The Ticking Clock

What Lateness Really Means in the Workplace

You’re sitting at your computer in the middle of a busy work day, merrily tapping away at your keyboard, when all of a sudden you look up at your clock, and panic strikes. That meeting you should have been in started 10 minutes ago! As you rush to join your colleagues you may wonder, What does my tardiness say about me as an employee? Will my colleagues think less of me? I hope I’m not the only one who’s late.

So what does meeting lateness actually say about us as employees? Unfortunately, little research has specifically examined the definition, correlates, and implications of meeting lateness. However, in an article recently published in the European Journal of Work and Organizational Psychology, a team led by APS Fellow Steven Rogelberg of the University of North Carolina at Charlotte tries to fill in our knowledge gaps by taking a closer look at the organizational and personal implications of meeting lateness.

In the first of two concurrently run studies, the authors examined the nature of meeting lateness by conducting an Internet survey. Six hundred sixty-five participants from a wide range of occupations answered an open-ended question asking what they classified as lateness. Then, the participants imagined themselves in several scenarios and indicated whether they would consider themselves late in each. Participants were also asked to describe what meeting lateness looked like at their own organization.

Of the participants surveyed, 20% defined lateness in objective terms (i.e., arriving after a specific scheduled time), while another 20% indicated there was a sort of “grace” period at the beginning of meetings before one is seen as being late. Others defined lateness as arriving after the meeting has actually started (32%). The rest of participants said people are late if they have missed or interrupted the flow of information, or if they are not “ready to go” when a meeting starts. Participants’ responses to the scenarios mirrored the qualitative data. Although there was variation in what actions participants considered to constitute lateness, many considered lateness to mean arriving once the meeting was underway.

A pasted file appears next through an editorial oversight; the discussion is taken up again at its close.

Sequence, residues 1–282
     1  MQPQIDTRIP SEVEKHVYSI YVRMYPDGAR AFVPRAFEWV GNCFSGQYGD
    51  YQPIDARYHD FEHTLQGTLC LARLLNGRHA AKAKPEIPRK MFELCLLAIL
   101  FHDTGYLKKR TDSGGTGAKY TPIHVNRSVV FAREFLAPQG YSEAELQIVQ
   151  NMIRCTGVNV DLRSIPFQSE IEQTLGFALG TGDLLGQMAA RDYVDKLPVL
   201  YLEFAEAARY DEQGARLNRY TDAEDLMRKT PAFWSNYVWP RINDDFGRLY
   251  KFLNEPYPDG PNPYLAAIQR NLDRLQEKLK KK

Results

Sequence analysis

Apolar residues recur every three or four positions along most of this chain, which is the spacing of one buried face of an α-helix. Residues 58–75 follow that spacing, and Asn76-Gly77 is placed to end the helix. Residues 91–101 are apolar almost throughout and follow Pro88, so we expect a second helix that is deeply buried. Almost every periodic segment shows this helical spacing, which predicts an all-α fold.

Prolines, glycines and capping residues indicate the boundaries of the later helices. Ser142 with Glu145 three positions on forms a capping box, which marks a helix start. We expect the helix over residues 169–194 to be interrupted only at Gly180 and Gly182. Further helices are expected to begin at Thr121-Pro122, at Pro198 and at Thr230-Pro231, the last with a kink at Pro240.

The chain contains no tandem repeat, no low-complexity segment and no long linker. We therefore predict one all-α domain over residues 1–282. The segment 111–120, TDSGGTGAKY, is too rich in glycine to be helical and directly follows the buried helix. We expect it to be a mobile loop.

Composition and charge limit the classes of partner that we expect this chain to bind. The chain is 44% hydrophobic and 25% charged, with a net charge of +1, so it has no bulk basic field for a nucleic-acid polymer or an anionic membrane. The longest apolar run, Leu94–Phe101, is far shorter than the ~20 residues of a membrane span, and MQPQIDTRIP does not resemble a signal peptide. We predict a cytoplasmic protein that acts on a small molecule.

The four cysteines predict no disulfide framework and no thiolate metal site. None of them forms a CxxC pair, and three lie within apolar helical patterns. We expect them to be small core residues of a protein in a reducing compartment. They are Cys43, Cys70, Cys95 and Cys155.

In the second study, the researchers examined the rates, consequences, and correlates of meeting lateness. One hundred ninety-five participants indicated the percentage of time they arrived after the scheduled start time of a meeting, their job satisfaction, perceptions of meeting quality/value, intentions to quit their jobs, affective organizational commitments, job levels, and perceptions of the consequences of meeting lateness.

Participants reported being late to meetings 5% of the time, and meeting lateness was negatively correlated with job satisfaction, intention to quit, meeting satisfaction, conscientiousness, and age. Organizational commitment, job level, and meeting load were not related to meeting lateness. Participants generally indicated that they respond negatively to people who are late to a meeting, feeling disrespected, upset, frustrated, and disappointed. They also perceived the late person as rude and admitted passing judgment on latecomers.

These findings tell us that while there is some variation in what people consider “lateness,” tardiness is generally viewed as arriving after a meeting is underway. Meeting lateness is related to several personal factors, such as job satisfaction and contentiousness, and generally elicits negative responses from colleagues who have arrived at the meeting on time.

So next time an important meeting makes it onto your agenda, represent yourself the right way. Set a reminder, let your punctuality convey your good qualities, and win the goodwill of your colleagues.

Reference

Rogelberg, S. G., Scott, C. W., Agypt, B., Williams, J., Kello, J. E., McCausland, T., & Olien, J. L. (2013). Lateness to meetings: Examination of an unexplored temporal phenomenon, European Journal of Work and Organizational Psychology. doi: 10.1080/1359432X.2012.745988

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